Is there something specific within the Buddhist tradition that can bring these two types of transformation together in a new model of activism connecting inner and outer practice?

Enter the bodhisattva.

According to the traditional definition, the bodhisattva chooses not to enter the state of perfect peace, nirvana, but remains in samsara, cyclic existence, to help all sentient beings end their suffering and reach enlightenment. Instead of asking, "How can I get out of this situation?" the bodhisattva asks, "What can I contribute to make this situation better?" Today, more than ever, we need to understand the bodhisattva path as a spiritual archetype that offers a new vision of human possibility.

Wisdom and compassion are the two wings of the Buddhist path, and we need both to fly. "When I look inside and see that I am nothing, that's wisdom. When I look outside and see that I am everything, that's love. Between these two my life turns" (Nisargadatta). Wisdom is realizing that there is no "me" separate from the rest of the world, and compassion is putting that realization into practice.

The vision of socially engaged Buddhism is to help develop an awakened society that is socially just and ecologically sustainable. It seeks to open up new perspectives and possibilities that challenge us to transform ourselves and our societies more profoundly. This brings us to the bodhisattva's path as a new archetype for social activism.

Bodhisattva activism has some distinctive characteristics. Buddhism emphasizes interdependence ("we're all in this together") and delusion (rather than evil). This implies not only nonviolence (violence is usually self-defeating anyway), but a politics based on love (more nondual) rather than reactive anger (which separates them from us).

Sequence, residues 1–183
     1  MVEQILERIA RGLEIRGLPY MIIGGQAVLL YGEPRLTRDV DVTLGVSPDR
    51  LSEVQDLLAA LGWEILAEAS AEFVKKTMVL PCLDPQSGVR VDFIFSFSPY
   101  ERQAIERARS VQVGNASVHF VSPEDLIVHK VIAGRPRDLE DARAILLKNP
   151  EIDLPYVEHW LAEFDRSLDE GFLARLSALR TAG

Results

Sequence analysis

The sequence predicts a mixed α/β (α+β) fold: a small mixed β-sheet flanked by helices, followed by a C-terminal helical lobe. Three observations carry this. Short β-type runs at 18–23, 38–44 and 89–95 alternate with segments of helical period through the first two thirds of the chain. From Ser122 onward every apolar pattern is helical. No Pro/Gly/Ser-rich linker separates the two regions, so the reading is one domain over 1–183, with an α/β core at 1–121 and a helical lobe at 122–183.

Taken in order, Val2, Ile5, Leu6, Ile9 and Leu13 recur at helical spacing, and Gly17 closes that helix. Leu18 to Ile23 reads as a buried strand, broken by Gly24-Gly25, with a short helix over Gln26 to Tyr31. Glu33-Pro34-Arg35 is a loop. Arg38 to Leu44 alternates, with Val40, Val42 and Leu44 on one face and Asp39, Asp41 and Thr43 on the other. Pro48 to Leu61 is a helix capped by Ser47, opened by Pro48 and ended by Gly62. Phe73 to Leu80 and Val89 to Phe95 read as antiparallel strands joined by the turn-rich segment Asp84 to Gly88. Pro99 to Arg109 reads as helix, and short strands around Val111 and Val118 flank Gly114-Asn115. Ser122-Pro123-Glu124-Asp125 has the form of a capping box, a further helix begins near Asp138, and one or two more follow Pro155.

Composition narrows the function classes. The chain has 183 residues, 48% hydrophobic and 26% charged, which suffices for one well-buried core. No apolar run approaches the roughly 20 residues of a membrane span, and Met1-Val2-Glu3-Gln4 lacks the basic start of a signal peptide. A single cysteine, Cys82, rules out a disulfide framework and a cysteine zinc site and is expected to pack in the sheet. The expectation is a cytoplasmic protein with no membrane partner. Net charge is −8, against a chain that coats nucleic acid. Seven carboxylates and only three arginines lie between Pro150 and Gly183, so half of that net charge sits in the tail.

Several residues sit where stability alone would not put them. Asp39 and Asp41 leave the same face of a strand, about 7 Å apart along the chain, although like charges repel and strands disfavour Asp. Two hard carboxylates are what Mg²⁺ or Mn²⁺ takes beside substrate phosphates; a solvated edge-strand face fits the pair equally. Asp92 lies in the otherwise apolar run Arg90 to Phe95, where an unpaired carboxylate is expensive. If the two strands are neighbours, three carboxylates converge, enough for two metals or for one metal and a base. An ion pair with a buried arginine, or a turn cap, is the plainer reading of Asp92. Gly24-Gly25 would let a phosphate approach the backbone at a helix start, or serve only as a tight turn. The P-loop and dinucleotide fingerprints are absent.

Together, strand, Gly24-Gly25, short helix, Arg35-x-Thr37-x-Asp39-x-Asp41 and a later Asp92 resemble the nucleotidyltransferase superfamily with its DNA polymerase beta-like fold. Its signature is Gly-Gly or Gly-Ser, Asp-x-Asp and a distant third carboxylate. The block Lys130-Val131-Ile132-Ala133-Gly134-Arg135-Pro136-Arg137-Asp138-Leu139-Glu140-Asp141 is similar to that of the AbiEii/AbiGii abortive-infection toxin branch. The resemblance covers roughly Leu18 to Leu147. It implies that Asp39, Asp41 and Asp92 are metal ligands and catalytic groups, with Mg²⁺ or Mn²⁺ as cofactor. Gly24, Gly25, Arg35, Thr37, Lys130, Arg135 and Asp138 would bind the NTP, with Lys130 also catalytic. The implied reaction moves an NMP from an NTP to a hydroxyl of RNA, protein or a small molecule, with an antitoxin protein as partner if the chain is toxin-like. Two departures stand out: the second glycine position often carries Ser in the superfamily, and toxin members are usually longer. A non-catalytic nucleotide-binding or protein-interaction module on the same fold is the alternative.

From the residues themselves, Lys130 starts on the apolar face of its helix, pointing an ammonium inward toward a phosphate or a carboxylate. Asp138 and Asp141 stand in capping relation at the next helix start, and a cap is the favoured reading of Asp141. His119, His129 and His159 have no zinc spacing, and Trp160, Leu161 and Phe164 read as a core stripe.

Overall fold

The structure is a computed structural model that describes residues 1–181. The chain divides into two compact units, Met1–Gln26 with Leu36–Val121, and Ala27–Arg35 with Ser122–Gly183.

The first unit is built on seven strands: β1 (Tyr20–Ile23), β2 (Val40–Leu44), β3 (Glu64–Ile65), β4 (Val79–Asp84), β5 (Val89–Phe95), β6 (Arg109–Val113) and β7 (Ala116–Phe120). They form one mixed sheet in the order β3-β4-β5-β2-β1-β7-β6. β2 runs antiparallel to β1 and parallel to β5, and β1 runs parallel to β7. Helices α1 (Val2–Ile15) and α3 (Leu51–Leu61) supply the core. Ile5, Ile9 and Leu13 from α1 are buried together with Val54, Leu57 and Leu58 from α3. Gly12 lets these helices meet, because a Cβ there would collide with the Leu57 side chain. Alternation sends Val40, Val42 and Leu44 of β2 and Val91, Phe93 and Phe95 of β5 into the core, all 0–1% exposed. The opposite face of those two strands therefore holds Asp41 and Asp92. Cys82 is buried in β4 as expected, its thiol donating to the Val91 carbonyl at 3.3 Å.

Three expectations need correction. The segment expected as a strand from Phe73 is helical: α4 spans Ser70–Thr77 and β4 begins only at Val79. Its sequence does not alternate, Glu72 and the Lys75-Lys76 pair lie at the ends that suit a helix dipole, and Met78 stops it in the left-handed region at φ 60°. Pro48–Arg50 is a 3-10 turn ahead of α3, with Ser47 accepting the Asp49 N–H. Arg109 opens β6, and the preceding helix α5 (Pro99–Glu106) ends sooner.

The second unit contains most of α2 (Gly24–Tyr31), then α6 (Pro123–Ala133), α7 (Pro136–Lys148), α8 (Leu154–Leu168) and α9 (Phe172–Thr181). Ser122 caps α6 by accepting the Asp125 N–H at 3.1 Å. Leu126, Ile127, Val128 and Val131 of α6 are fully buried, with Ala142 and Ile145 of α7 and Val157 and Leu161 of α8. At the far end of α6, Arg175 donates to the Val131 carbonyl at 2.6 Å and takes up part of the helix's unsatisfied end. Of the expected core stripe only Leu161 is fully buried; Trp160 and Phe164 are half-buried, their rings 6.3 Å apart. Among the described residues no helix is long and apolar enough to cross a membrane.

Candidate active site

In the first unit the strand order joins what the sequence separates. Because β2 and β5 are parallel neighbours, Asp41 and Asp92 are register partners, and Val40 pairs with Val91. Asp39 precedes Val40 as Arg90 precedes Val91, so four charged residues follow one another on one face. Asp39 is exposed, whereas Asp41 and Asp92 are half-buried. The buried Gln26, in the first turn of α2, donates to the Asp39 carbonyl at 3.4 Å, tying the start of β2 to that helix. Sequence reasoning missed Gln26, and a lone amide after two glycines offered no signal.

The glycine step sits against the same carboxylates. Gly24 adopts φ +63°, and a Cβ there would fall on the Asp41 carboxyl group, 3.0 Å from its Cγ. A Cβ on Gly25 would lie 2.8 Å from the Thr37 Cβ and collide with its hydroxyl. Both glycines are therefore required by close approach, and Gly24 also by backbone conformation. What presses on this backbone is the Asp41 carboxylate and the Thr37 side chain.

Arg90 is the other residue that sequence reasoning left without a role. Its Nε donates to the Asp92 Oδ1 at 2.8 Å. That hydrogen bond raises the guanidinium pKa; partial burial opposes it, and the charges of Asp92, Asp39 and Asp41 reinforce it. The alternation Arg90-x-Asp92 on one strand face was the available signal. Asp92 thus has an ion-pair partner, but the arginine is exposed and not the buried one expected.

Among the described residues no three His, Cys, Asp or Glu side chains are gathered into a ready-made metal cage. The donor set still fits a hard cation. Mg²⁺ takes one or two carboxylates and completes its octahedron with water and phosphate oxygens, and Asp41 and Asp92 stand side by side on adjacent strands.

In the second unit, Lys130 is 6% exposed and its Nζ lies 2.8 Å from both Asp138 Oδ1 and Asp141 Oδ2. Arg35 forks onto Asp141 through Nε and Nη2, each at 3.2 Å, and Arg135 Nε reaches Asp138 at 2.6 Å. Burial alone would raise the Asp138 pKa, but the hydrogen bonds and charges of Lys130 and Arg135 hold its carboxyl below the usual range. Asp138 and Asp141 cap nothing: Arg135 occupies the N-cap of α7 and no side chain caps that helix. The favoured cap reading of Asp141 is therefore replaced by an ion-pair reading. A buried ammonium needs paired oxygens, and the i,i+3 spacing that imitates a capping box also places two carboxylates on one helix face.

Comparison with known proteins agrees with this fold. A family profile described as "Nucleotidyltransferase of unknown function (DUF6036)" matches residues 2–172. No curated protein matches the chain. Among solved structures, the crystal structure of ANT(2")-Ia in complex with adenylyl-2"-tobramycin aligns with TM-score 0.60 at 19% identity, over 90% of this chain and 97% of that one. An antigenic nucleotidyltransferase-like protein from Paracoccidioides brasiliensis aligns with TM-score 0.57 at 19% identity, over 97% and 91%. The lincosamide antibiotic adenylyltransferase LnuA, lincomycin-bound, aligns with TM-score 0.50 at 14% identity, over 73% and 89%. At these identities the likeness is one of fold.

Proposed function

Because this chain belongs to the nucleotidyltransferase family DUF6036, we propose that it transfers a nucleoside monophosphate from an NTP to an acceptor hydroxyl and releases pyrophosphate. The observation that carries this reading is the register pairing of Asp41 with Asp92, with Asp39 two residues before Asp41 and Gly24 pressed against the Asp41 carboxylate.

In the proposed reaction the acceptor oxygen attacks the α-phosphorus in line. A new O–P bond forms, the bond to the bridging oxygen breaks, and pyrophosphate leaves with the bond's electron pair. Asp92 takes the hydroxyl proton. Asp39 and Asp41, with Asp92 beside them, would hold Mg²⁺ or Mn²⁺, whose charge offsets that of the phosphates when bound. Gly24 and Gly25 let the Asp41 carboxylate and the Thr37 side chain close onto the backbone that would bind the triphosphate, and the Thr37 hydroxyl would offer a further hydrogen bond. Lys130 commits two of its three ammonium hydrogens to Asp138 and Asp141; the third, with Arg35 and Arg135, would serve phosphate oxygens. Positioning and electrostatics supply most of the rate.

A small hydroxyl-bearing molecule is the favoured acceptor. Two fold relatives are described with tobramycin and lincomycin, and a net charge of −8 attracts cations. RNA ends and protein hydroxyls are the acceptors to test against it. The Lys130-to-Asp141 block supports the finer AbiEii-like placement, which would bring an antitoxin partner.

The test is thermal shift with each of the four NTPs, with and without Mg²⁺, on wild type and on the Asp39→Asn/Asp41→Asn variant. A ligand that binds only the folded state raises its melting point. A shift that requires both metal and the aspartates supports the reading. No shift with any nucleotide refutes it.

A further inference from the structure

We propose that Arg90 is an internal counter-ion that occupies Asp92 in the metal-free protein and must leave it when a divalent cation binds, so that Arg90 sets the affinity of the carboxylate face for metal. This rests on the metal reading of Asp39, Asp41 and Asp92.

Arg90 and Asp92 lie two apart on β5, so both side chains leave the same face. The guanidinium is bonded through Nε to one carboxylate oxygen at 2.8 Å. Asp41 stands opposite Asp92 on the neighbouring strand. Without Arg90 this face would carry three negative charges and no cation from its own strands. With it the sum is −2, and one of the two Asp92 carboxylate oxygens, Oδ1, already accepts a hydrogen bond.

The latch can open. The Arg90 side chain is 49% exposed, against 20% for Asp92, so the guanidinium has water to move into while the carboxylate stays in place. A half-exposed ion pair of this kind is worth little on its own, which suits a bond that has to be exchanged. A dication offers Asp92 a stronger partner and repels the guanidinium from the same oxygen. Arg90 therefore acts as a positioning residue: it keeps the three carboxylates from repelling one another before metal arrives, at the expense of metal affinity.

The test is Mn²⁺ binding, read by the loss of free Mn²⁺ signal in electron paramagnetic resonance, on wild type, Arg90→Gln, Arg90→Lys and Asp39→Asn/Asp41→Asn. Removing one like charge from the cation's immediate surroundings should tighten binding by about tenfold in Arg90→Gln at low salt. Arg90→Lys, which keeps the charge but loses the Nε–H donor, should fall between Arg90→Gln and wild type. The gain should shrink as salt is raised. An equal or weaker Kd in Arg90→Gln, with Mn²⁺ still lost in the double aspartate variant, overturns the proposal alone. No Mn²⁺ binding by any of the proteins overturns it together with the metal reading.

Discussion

The basic problem in our society is not rich and powerful bad people, but institutionalized structures of collective greed, aggression and delusion. The bodhisattva's pragmatism and non-dogmatism can help to cut through the ideological quarrels that have weakened so many progressive groups. And Buddhism's emphasis on skillful means cultivates the creative imagination, a necessary attribute if we are to construct a healthier way of living together on this earth, and work out a way to get there.

Yet those attributes do not get at the most important contribution of the bodhisattva in these difficult times, when we often feel overwhelmed by the magnitude of the challenge and are tempted to despair. The bodhisattva's response? To quote the U.S. Army Corps of Engineers: "The difficult we do immediately. The impossible will take a little longer." According to the classical formulation, the bodhisattva takes a vow to help liberate all living beings. Someone who has volunteered for such an unachievable task is not going to be intimidated by present crises, no matter how hopeless they may appear. That is because the bodhisattva practices on both levels -- inner and outer -- which enables one to engage in goal-directed behavior without attachment to results.